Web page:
Ever since receiving my first Hornby train set as a child in 1954, my modeling interests were focused on the railways of my home country, Great Britain. About 10 years ago that all changed when I walked into my local hobby shop and saw a pair of Proto 2000 E6 diesel-electric locomotives in Baltimore & Ohio livery. Impressed by the models, I purchased both the A and B units. Hooked on American railroads, I sold my British locomotives and rolling stock. I began planning my dream North American layout – the HO scale Baltimore & Ohio Paquettin Division.
Research and planning
I decided that I’d model the B&O RR in the 1950s, so I could realistically run both steam and diesel locomotives. My freelanced track plan doesn’t follow a prototype B&O route. The name Paquettin Division refers to an imaginary river I came up with that flows from the mines of the Appalachian Mountains down to the New Jersey waterfront.
My new layout also had to meet the following requirements:
• A walk-in multilevel design where trains traveled for an operational purpose from point A to point B.
• 30″ minimum aisle width for operator comfort.
• No length restrictions on the main line for either locomotives or rolling stock, which meant a 30″ minimum curve radius and no. 6 turnouts.
• A main that could handle scale 85-foot close-coupled passenger cars, so there could be no S curves.
• An urban scene with a classification yard, a port, a car float, street running, and industrial scenes.
• An interchange at grade with another railroad.
• Maximum grade of 2 percent.
• Appalachian Mountain scenes, including a large coal mine and mining town.
• A horseshoe curve and a scene where the line follows a river under a limestone cliff.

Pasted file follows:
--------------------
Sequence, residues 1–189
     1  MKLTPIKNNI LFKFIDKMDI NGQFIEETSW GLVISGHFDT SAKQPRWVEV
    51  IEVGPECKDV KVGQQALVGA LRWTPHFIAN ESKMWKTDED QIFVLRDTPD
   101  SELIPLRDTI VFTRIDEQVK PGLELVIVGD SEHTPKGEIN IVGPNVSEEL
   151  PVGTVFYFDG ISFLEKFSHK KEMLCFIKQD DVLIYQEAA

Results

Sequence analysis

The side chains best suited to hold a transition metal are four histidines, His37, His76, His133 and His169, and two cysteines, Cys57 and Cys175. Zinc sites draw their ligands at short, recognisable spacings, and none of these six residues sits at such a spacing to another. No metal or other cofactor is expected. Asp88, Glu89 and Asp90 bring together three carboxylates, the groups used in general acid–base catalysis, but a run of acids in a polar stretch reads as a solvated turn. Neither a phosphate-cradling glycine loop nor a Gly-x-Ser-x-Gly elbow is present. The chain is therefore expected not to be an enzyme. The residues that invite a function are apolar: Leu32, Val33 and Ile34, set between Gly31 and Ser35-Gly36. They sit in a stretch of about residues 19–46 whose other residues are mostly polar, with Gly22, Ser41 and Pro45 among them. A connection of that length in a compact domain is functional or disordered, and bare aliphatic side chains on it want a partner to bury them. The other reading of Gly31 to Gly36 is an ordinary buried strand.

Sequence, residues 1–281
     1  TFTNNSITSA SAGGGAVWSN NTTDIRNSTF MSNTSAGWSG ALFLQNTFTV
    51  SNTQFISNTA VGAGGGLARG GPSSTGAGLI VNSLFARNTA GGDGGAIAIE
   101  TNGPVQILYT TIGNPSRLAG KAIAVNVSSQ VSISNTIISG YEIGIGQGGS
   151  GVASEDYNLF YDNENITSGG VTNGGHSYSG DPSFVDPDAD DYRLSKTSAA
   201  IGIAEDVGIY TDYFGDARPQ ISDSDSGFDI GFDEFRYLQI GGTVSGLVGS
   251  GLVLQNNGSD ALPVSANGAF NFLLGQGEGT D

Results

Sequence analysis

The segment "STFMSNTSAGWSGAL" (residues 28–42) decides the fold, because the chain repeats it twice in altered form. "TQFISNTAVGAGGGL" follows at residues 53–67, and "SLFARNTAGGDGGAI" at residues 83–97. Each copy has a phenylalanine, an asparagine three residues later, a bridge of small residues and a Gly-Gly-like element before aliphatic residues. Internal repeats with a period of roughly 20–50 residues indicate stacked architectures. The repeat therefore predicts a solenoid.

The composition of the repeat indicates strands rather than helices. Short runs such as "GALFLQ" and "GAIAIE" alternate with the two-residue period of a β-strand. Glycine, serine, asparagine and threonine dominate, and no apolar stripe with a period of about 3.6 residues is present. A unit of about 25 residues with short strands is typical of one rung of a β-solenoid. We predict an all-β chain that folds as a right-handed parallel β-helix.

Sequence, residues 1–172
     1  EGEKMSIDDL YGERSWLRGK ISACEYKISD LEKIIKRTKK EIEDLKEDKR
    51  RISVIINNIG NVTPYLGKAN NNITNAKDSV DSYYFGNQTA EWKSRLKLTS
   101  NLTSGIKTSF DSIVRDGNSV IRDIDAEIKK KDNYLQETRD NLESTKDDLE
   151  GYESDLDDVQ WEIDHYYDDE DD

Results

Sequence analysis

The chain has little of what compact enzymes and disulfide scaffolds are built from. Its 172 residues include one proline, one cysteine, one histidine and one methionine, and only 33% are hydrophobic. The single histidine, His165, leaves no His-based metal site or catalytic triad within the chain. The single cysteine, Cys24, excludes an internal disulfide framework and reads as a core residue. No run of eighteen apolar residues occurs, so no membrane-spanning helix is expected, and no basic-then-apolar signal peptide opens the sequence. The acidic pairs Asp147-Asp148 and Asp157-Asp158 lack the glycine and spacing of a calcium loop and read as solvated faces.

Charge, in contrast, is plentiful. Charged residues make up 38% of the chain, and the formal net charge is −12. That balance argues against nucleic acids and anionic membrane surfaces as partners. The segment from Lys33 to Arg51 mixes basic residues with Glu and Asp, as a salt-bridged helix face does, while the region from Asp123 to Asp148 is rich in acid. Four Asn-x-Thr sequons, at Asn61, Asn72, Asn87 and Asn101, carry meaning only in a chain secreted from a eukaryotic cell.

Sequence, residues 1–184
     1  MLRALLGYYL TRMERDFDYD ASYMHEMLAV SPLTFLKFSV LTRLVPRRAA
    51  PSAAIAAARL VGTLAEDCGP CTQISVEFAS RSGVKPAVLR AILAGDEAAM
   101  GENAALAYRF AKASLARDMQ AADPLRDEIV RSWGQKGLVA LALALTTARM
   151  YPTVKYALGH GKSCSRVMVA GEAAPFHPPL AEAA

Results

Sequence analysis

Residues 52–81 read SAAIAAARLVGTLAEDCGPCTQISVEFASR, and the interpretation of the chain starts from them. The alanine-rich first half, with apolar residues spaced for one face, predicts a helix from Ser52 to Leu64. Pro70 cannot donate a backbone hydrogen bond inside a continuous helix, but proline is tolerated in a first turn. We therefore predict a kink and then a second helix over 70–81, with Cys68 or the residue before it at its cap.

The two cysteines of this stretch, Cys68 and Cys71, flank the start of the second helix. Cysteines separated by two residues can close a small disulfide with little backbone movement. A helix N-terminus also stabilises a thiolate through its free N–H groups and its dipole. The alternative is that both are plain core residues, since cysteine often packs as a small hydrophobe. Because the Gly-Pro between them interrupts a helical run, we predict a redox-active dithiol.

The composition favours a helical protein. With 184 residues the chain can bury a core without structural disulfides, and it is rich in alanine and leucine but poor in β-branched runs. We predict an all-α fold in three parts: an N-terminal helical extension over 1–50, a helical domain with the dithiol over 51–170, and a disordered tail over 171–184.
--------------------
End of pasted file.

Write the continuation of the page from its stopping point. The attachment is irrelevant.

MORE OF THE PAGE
• Separation between scenes so that the urban and mountain scenes aren’t visible at the same time.
• A large locomotive roundhouse.
A partial mushroom design
Somehow I had to fit a layout with all of my requirements into a 16′-6″ square garage. Fortunately I’d read the article “Investigating the mushroom” in the January 1997 Model Railroader, where the authors describe a double-deck layout design with a twist. [A mushroom design is a multilevel layout where the levels face opposite directions so that the upper and lower scenes can’t be viewed at the same time. – Ed.] Using a 14 x 18-foot room in their examples, the article’s authors concluded that a partial mushroom design used 95 percent of a layout room’s floor area, while a single-deck walk-in layout used only 59 percent of the available area.
Using 3rd PlanIt layout-planning software and the partial-mushroomconcept, I designed a track plan that incorporated all the items on my list except the roundhouse. I also had to accept a narrower aisle next to the staging tracks.
The middle level of the layout depicts urban scenery, including a large classification yard at Port Trenton. There’s also a car float and an interchange between the B&O and Pennsylvania RR. A helix leads to the upper level, which features a coal mine and the mining town of Harmond. The upper level also required that I build a raised floor for access.
I recently added a lower-level branch line connected by a second helix to the middle level. Called the Bay End Subdivision, this deck features PRR trains running on trackage rights in addition to B&O traffic. There’s also an interchange track that serves the B&O, PRR, and the Reading Co., as well as a busy wharf to switch at Petersport.
Benchwork, track, and wiring
Using L-girders for most of the benchwork allowed it to span long distances with relatively few legs. The upper level benchwork is supported from the roof rafters.
I originally planned to have a 60″ track height on the middle level. However, cars at Port Trenton would prove too hard to reach at this height, so I settled on a track height of 54″ for the middle level. The track height of the upper level is 60″ when measured from the top of the raised floor.